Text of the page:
When Morocco’s King Mohamed VI visited Casablanca in May, a local newspaper, Al Massae reported that he was “dissatisfied with council officials,” over delays in projects he had hoped to commission. Incompletion, of course, brought about by insufficient funds. There may now be some reprieve for council officials in Moroccan cities where the King will visit in future, with the United States Agency for International Development (USAID) pledging $94 million to support similar developments across the country.
Morocco’s Minister of Economy and Finance, Mohamed Benchaaboun, and the USAID’s director Brooke Sherman were joint signatories to the agreement in Rabat. The agreement, which reportedly more than quadruples the previous arrangement between both parties, was called a “new era” partnership by Sherman. Before now, USAID had assisted the North African nation in constructing a Career Center, conceived to help young Moroccans transition from school to jobs.
According to Morocco World News, the USAID has spent close to $500 million since 2001 on multi-sector projects in the country, with 97 percent of that figure going to economic development. But this new pledge represents a substantial increase in one-time donations. A Moroccan official said this money would be plowed into a development program that covers economic growth and governance in Marrakech-Safi and Beni Mellal-Khenifra, fund select public-private partnerships including VR (virtual reality) and AR (augmented reality) technologies, as well as civil society-driven activities that cater to vulnerable youths all over the country.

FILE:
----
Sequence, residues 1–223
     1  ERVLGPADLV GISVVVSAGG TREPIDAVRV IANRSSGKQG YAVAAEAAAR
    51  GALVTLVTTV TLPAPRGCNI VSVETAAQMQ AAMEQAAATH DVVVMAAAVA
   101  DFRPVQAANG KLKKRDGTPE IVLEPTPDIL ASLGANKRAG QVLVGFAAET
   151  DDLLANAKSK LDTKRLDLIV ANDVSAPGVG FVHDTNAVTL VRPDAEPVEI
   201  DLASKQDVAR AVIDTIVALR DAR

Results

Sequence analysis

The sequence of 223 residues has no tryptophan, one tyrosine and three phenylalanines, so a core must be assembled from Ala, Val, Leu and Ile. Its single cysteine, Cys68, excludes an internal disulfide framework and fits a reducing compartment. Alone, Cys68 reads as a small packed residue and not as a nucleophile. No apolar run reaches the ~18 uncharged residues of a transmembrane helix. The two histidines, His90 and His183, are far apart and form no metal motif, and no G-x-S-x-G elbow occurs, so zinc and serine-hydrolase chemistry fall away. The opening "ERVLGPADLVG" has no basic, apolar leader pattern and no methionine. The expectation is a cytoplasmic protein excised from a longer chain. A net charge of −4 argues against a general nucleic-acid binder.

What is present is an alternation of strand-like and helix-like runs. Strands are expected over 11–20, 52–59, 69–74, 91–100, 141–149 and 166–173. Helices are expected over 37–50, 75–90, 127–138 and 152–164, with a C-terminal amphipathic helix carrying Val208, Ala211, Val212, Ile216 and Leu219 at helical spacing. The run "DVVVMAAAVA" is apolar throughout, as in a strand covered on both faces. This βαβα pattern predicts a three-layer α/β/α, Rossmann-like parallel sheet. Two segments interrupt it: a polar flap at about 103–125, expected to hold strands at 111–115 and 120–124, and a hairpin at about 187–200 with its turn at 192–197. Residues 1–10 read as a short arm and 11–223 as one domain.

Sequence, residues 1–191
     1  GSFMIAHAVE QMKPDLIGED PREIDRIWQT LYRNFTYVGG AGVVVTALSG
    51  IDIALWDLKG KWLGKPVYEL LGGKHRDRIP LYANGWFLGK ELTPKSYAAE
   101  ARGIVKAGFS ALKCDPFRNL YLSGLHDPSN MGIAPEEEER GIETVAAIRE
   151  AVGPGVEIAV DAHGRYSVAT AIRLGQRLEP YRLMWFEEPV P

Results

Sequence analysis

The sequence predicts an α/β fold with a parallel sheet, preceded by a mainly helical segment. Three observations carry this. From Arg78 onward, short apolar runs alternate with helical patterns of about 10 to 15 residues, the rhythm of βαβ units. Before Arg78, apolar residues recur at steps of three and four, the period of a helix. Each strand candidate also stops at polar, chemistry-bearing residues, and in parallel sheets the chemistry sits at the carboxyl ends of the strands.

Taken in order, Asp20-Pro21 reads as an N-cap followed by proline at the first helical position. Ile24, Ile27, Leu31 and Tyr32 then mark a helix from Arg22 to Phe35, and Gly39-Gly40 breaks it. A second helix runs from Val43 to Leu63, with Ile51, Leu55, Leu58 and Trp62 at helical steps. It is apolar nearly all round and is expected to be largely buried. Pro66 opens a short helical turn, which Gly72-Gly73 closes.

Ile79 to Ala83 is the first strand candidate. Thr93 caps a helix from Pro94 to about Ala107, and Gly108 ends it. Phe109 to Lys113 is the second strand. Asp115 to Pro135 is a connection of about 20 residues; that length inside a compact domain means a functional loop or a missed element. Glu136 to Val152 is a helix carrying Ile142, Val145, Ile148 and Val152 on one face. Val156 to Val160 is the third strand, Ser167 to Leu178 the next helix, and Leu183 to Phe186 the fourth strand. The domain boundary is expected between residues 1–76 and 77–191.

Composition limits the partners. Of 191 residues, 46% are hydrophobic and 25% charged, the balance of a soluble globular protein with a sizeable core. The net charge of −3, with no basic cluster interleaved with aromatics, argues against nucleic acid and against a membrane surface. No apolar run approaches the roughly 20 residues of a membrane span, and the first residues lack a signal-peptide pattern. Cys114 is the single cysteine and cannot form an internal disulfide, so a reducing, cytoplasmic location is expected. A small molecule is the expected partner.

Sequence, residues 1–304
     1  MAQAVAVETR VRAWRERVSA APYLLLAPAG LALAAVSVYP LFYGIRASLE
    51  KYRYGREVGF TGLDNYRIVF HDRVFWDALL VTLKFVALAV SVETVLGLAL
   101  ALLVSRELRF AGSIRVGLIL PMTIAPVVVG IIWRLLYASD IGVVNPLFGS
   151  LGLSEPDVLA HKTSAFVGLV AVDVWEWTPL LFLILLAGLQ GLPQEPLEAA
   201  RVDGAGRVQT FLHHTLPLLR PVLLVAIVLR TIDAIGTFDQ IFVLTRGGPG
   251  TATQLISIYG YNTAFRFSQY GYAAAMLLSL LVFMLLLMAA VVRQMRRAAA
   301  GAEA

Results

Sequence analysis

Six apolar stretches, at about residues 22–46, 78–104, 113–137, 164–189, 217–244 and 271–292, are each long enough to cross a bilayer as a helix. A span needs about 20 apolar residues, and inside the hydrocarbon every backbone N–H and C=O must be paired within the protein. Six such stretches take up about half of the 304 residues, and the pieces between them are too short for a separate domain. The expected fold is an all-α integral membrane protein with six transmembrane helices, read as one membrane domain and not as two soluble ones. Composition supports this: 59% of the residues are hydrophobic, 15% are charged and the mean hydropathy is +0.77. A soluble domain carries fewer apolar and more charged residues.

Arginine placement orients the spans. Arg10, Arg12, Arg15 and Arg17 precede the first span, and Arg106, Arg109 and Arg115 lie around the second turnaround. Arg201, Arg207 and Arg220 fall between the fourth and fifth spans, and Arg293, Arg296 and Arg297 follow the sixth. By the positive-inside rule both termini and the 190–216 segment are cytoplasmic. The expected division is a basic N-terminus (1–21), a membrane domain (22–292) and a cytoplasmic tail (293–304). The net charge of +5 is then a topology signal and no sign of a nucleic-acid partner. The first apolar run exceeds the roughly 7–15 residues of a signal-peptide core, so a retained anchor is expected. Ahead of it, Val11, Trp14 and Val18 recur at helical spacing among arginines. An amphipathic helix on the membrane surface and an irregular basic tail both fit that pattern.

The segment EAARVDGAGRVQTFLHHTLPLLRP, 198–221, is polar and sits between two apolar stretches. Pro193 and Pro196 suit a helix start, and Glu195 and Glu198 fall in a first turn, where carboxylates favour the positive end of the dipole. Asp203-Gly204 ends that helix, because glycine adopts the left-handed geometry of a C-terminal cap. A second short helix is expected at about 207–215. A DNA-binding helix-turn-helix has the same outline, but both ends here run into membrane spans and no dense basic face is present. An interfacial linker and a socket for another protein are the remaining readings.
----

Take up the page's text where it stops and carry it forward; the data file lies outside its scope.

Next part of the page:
It is no secret that the Moroccan government has been deliberate about its socioeconomic development, despite coming up short severally. Earlier this year, it had announced a plan to spend a hefty portion of its 2019 budget on social issues, following King Mohamed VI’s call, with Arabweekly reporting an anticipated $10 billion on education and health care alone.
Morocco’s Finance and Economy Minister Benchaaboun had said at the time that the government was paying more attention to implementing education reforms and facilitating young peoples’ prospects in the labor market by restructuring the training systems available. In that plan, the government would construct 137 schools, and enroll 100,000 students in preschool and vocational training programmes. The plan was also to upgrade existing infrastructure in places of need, with $190 million pledged yearly.
With this fund, the government, already clearly devoted to doing more about its social and economic progress, can commit monies to previously stagnated projects. And perhaps, King Mohamed will be a smiling visitor to Casablanca next time.
By Caleb Ajinomoh